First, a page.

Another major problem with ignoring psychiatric disorders that are not the chief complaint is that psychiatric disorders frequently co-occur with serious health problems and, if left untreated, can complicate or slow recovery.23 Patients with significant medical illnesses were found to have a rate of psychiatric disorders twice that seen in healthy subjects,24 and the rate of medical illnesses in persons with severe psychiatric disorders is significantly higher than the rate of medical illnesses in persons without severe psychiatric disorders.25 Two of the most common psychiatric disorders found among the seriously medically ill are substance use disorders (SUD) and depression.24

Certain medical illnesses, such as stroke, heart attack, and cancer, can cause depressive illness and consequently prolong recovery.26 Depression is not only a frequent sequela of coronary heart disease (CHD), but it is also a risk factor for CHD in men and women and a risk factor for increased CHD mortality in men.27 In our analysis of the CDC data, we found that myocardial infarction (MI) had been diagnosed in 0.56% of subjects aged 15 years and older and none had a joint diagnosis of depression. In contrast, other studies indicate that the depression rate among patients with MI may be as high as 40%.28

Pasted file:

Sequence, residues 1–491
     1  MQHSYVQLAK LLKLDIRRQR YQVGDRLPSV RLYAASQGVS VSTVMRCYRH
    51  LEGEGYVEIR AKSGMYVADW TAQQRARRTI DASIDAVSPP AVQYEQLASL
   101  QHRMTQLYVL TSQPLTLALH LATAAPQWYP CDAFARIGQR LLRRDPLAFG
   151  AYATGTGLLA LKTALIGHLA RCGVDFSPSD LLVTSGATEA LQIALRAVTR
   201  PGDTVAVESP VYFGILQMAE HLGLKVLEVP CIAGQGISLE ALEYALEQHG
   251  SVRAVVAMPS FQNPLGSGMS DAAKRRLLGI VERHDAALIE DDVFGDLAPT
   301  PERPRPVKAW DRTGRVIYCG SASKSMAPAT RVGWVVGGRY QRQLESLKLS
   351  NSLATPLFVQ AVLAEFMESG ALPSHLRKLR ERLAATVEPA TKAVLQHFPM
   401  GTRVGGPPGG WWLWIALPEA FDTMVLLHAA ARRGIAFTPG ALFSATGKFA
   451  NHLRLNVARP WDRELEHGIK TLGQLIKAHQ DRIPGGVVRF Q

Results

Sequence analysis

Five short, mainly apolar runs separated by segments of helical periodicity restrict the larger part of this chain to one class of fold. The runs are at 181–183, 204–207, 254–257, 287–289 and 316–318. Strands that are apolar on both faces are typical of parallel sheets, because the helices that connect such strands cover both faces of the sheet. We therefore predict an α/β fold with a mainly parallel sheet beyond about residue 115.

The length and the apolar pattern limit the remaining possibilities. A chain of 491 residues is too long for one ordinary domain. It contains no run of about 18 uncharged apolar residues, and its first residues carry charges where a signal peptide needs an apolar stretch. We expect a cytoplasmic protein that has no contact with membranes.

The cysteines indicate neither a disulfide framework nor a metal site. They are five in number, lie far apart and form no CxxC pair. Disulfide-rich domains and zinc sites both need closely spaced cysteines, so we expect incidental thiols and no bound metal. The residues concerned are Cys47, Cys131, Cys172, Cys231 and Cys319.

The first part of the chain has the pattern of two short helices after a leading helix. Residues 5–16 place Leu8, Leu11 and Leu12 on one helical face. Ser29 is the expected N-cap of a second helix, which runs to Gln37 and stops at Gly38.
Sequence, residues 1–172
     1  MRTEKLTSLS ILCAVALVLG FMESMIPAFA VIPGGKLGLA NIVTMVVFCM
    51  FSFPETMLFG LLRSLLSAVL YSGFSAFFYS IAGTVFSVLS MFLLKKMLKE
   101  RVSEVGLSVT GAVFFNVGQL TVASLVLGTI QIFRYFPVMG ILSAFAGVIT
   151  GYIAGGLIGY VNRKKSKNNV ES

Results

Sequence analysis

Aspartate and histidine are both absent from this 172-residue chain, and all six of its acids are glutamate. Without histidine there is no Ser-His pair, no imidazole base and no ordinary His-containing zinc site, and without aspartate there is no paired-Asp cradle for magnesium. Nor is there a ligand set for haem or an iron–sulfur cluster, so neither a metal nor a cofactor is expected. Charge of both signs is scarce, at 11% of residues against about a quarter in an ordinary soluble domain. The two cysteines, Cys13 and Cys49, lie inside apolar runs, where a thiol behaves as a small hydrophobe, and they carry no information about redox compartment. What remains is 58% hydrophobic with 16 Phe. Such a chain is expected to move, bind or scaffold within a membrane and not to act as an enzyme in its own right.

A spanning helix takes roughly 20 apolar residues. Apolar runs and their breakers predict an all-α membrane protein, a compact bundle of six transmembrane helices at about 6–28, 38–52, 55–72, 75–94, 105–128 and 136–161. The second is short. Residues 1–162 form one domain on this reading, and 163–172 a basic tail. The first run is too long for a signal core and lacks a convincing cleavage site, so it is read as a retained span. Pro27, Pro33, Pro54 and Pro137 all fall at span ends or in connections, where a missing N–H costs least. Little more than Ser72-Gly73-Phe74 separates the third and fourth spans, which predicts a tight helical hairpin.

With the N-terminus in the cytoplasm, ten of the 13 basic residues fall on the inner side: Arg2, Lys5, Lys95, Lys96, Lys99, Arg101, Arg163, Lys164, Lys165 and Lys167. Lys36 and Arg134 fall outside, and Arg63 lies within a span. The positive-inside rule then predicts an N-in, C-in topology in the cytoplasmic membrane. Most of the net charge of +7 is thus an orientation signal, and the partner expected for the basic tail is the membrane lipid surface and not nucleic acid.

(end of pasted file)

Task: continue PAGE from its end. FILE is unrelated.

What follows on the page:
In addition, it is important to note that there are significant correlations among depressive disorders, SUD, serious medical illness, and suicide.24,25,29 Suicide was the 11th leading cause of death in the United States in 2000 and it accounts for more deaths each year than homicides.21 As many as 500,000 patients each year are treated in EDs for injuries associated with attempted suicides,30 and more than 90% of those who kill themselves have a major mental disorder such as depression or SUD.31,32